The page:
Notre Dame Law Review hosts symposium on 'Liberalism, Christianity, and Constitutionalism'

Author: Arienne Calingo

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The Notre Dame Law Review hosted its second symposium of the academic year on November 11 in Biolchini Hall of Law. The Law Review’s Issue 4 symposium, co-sponsored by the Program on Church, State & Society at Notre Dame Law School, revolved around the theme of “Liberalism, Christianity, and Constitutionalism.” The event featured several panelists from across the country and from a range of disciplines, including law, religion, economics, philosophy, politics, international relations, and business. The panelists offered insights on early drafts of their written scholarship that delve into the dynamic relationship between liberalism and religion. Their articles will appear in Volume 98, Issue 4 of the Notre Dame Law Review.

“I thought that this topic was a little more philosophical. The topics of liberalism and religion require more theoretical discussion,” said Courtney Klaus, a third-year student at Notre Dame Law School and managing symposium editor of the Law Review. Some of the topics that were discussed in depth at the symposium include natural law, parental rights, liberal economics, and orthodoxy.

The symposium consisted of three panel discussions. The first discussion, “Liberalism and Christianity in Theory,” was moderated by Professor Paolo Carozza and included Nathan S. Chapman of the University of Georgia School of Law, Andrew M. Koppelman of Northwestern Pritzker School of Law, Brandon Paradise of Rutgers Law School, and Rev. Dr. Sergey Trostyanskiy of the Institute for Studies in Eastern Christianity.

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The second panel discussion, “Liberalism and Christianity’s Response,” was moderated by Professor Stefan McDaniel, the inaugural Rodes Fellow of the Program on Church, State & Society. Panelists included Kathleen A. Brady of Emory University School of Law, Professor Richard Garnett of Notre Dame Law School, and Steven Smith of the University of San Diego School of Law.

The final panel discussion centered on the theme of “Liberalism and Christianity in Practice” and was moderated by Professor Marah McLeod. The panelists included Paul Billingham of the University of Oxford, Melissa Moschella of the Catholic University of America, and Amy Sepinwall of the Wharton School at the University of Pennsylvania.

Jonathan Chaplin of the University of Cambridge and Michael Moreland of Villanova University Charles Widger School of Law will be analyzing the panelists’ articles and writing detailed responses to several of the ideas that the authors present in their pieces. Their responses, along with the panelists’ articles, will be published in Volume 98, Issue 4 of the Notre Dame Law Review in Spring 2023.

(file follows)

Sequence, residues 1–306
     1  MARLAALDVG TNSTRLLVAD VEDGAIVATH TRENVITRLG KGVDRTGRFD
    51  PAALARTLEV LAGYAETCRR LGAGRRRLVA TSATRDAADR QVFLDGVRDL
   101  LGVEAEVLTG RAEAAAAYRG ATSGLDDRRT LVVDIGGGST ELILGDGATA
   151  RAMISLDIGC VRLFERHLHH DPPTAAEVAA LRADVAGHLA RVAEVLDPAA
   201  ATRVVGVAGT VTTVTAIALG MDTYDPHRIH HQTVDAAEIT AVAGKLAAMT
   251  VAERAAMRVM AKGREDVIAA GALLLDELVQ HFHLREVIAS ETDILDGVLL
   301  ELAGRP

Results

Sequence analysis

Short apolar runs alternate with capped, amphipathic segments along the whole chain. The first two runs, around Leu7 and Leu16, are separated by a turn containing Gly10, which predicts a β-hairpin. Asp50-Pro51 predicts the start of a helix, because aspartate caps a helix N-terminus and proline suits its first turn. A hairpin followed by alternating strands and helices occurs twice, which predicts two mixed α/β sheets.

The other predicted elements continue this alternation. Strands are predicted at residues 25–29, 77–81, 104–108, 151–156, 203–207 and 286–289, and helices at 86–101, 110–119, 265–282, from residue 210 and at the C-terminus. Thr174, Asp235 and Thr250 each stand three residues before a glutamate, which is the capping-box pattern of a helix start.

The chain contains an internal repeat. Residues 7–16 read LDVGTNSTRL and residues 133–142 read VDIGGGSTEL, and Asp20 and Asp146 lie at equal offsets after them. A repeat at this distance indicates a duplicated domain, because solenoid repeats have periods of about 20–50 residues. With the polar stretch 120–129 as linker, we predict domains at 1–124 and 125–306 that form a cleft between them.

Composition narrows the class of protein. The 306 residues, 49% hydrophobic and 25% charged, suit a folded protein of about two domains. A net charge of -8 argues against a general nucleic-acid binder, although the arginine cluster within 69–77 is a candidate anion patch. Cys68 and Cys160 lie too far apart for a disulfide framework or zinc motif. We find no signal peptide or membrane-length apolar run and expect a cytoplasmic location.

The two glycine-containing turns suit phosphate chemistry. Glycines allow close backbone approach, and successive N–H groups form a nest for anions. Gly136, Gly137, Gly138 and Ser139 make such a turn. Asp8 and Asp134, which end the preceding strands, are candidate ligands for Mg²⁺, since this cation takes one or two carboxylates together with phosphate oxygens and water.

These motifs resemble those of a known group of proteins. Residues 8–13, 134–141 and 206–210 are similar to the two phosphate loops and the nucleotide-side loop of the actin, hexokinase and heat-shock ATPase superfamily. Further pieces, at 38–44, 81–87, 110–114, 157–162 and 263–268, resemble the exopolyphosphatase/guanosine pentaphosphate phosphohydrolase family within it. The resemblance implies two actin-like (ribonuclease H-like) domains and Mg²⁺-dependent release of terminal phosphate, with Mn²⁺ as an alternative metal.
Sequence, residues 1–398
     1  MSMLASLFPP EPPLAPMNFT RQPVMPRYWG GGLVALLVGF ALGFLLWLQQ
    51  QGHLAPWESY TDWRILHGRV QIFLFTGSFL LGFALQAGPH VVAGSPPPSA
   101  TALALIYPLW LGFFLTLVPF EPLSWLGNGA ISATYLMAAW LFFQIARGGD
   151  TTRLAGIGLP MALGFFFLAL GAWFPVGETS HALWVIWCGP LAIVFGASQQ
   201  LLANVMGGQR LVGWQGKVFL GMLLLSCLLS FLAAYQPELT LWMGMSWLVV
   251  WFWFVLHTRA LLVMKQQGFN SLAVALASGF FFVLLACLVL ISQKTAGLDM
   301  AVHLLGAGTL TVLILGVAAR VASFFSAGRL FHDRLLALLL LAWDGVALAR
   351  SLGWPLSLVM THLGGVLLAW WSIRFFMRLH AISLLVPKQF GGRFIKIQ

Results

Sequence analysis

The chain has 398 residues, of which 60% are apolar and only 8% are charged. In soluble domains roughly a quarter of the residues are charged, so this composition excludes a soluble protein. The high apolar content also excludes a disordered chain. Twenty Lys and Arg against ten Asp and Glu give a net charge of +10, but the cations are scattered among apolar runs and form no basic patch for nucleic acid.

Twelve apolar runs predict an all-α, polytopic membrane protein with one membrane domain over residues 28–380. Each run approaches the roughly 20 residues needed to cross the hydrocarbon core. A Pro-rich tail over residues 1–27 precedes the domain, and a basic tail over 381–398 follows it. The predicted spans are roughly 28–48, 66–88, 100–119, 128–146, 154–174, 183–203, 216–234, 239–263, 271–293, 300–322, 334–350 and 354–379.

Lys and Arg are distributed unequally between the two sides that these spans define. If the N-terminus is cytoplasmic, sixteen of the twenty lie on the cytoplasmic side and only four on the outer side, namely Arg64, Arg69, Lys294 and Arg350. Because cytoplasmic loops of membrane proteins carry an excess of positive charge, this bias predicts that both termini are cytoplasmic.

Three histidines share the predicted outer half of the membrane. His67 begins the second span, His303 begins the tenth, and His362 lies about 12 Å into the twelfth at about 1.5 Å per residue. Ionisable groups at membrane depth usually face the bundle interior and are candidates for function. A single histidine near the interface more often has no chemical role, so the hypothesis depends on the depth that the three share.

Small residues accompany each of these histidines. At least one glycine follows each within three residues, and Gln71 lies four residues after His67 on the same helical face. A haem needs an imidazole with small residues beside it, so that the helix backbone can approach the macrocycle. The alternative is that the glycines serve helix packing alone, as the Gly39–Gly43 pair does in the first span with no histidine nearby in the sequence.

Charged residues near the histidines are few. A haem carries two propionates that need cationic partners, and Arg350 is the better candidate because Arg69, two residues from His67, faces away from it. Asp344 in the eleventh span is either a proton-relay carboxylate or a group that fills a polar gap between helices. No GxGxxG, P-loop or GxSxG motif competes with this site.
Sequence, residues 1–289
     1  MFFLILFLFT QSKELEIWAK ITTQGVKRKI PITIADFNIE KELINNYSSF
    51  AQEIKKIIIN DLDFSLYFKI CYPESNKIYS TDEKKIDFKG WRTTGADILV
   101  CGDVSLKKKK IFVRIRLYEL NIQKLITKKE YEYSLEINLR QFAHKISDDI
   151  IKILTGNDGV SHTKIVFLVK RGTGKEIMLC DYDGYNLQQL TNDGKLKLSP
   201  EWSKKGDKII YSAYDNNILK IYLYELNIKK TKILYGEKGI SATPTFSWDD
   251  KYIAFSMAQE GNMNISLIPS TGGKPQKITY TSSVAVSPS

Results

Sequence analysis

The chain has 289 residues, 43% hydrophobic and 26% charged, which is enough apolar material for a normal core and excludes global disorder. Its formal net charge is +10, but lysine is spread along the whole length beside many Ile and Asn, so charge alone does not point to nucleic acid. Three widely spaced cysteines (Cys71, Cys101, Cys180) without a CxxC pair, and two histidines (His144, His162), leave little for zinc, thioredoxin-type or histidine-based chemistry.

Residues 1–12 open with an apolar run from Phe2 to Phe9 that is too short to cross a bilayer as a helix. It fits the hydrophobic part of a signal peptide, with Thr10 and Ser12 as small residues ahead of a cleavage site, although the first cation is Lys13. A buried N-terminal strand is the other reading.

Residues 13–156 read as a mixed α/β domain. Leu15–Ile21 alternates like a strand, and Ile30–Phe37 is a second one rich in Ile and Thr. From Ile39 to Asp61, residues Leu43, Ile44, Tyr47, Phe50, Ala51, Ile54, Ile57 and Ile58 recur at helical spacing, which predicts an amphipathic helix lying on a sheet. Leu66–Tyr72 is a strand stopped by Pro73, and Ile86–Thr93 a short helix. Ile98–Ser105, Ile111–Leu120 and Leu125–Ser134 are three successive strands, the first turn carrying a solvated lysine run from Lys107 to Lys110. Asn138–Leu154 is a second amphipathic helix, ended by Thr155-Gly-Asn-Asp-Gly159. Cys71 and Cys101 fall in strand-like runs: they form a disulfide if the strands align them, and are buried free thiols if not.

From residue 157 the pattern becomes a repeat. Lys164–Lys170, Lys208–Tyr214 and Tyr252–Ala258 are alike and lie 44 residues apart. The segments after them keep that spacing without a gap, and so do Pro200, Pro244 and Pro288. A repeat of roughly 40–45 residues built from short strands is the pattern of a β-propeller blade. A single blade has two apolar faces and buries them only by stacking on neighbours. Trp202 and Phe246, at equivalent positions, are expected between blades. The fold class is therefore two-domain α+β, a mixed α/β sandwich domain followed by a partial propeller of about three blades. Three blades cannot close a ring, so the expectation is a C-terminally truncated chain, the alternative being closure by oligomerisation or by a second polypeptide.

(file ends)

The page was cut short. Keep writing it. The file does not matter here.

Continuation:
In preparation for the event, the Law Review worked closely with the Program on Church, State & Society as well as Professors Nathan Chapman and Kathleen Brady, both of whom presented scholarship at the symposium. Chapman and Brady proposed the symposium topic and provided an extensive list of authors for the Law Review to consider.

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“When we were approached about the symposium, we were told that in recent years there have been increasing criticisms of liberalism more generally in Christian scholarly circles,” said Klaus. “So far, there hasn’t been a coordinated effort to contextualize or assess the intellectual movement. [Professors Chapman and Brady] explained that this could be an opportunity for Notre Dame to be at the forefront of this topic.”

The event was highly engaging and successful, drawing a crowd from various departments at Notre Dame in addition to many law school faculty, staff, and students.

Professor McDaniel was pleased by the amount of engagement from the audience and proud of the Law Review for inviting such qualified people to identify and speak on issues pertinent to liberalism and religion.

Reflecting on the relevance of the symposium topic, McDaniel said, “I think that there is a lot of uncertainty and division, and one of the lines of division is over the place of religion in liberal democracy. But, just as important is the compatibility of liberal democracy with Christianity.”

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McDaniel’s research interests are labor and employment, and church-state questions. He is currently working on a paper on the ministerial exception, which works at the crossroads of those two subjects.

Following the symposium, Klaus noted that the highlight of her experience was working with everyone from the Law Review. “I could not have done this without Nicholas D’Andrea and Meghan Flanigen,” she said. D’Andrea serves as the editor-in-chief of the Law Review, while Flanigen is a senior symposium editor.

Last month, the Law Review held its first symposium of the year, centered on the theme of “Unconstitutional Conditions and Religious Liberty.” The symposium brought together religious liberty experts from across the country for engaging discussions about their articles on unconstitutional conditions, which will appear in a special issue of the Notre Dame Law Review Volume 98’s Reflection issue.

The Notre Dame Law Review will host its next symposium about the federal court on January 23, 2023.